After years of hiding as a gay man in college sports administration, it was at the University of Kentucky where I found assurance that being out would in no way inhibit my ability to succeed in a career that I love.
I arrived in Lexington in August 2012 in a graduate assistant position working with the soccer, softball and women’s basketball programs. With this new venture, I made myself two promises. First, I was going to be authentic from the start. Second, no matter how insignificant, I wanted to be a part of changing the culture and perception of homophobia in sport.
This was around the time that a concerted effort to tackle homophobia in sport was gaining steam, including the emergence of the You Can Play Project, which was producing videos with college athletic departments around the country encouraging a culture of LGBTQ acceptance in sports.
I remember watching the Stanford Athletics video and thinking how amazing it was and that the University of Kentucky should do its version. After a few months of establishing myself, I hit the ground running.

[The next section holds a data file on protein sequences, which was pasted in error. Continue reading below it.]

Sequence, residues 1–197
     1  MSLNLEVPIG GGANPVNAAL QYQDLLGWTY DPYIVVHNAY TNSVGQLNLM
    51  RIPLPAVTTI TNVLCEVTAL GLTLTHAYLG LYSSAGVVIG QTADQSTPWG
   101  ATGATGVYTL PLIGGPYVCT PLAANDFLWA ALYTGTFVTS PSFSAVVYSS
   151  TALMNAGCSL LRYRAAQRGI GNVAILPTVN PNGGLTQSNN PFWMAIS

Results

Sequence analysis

I met with student-athletes, coaches and administrators, including Deputy Athletic Director DeWayne Peevy and two of the Executive Athletic Directors, Candice Chaffin and Jason Schlafer. From top to bottom, I received nothing but support and encouragement.
At the time, Kentucky had a handful of LGBTQ athletes, coaches and staff. While some were out, others remained closeted. However, the real surprise for me was the willingness of straight athletes, coaches and staff to endorse this message, often with great enthusiasm, including then-women’s basketball coach Matthew Mitchell.
For reasons out of our control, the video never came to fruition. However, the support from every level of the athletic department was a catalyst for me. It was both empowering and affirming to know firsthand that some of the biggest names in college athletics, from the athletes to coaches, were enthusiastic about LGBTQ equality in sport from a state that was far from ready.
This was the moment where I finally believed that all of my identities could coexist. I no longer had to fight being one person on the inside while presenting a different person to the world.
It wasn’t always this way and I had a lot of struggles along the way. I grew up in the small town of Kiefer, Oklahoma. At the time, the population was about 1,500. To give you an idea of the size and talent pool at Kiefer, I was 6-foot center and we had just enough bodies to fill each of the teams.
That said, I loved being a small town Christian kid, a son, brother, grandson, nephew and cousin, hanging out with friends and playing sports. However, that last statement would come as a shock to those who knew me in my later teenage years.